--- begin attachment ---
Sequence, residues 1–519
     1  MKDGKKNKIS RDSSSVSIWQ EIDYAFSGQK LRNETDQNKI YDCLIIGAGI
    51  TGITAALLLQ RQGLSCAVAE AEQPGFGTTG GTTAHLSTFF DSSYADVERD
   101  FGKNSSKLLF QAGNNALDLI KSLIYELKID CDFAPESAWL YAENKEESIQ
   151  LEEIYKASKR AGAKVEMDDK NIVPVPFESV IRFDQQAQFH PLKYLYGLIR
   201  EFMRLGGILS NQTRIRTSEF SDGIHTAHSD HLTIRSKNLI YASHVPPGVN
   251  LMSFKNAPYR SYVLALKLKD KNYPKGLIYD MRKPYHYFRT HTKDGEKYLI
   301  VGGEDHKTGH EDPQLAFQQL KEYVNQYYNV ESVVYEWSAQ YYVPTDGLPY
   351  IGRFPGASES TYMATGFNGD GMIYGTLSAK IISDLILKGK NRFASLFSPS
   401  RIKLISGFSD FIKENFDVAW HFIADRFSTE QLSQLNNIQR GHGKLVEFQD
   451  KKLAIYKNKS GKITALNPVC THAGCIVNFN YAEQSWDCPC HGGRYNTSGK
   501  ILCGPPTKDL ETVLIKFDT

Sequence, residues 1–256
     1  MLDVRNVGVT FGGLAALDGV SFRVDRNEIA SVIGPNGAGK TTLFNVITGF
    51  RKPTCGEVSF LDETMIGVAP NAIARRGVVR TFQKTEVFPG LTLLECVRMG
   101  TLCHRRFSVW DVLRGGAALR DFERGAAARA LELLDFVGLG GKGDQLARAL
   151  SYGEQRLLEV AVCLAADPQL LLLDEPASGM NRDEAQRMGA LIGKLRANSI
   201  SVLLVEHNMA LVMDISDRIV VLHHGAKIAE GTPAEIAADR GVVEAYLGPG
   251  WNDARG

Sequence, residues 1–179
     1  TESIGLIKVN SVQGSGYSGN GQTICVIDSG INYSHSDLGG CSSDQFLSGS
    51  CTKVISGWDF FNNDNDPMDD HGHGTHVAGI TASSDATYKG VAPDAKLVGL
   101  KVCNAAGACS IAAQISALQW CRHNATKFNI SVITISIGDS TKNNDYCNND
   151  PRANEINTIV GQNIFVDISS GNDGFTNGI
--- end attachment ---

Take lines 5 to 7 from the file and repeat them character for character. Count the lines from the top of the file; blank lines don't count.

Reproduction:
   151  LEEIYKASKR AGAKVEMDDK NIVPVPFESV IRFDQQAQFH PLKYLYGLIR
   201  EFMRLGGILS NQTRIRTSEF SDGIHTAHSD HLTIRSKNLI YASHVPPGVN
   251  LMSFKNAPYR SYVLALKLKD KNYPKGLIYD MRKPYHYFRT HTKDGEKYLI